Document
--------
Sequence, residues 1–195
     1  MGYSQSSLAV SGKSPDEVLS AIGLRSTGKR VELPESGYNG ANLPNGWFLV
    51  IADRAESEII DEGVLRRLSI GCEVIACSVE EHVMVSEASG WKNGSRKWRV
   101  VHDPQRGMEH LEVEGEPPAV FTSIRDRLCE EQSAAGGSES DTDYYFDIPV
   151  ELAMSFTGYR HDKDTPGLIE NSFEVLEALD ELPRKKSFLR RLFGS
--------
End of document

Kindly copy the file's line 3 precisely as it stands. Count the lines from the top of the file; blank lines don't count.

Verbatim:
    51  IADRAESEII DEGVLRRLSI GCEVIACSVE EHVMVSEASG WKNGSRKWRV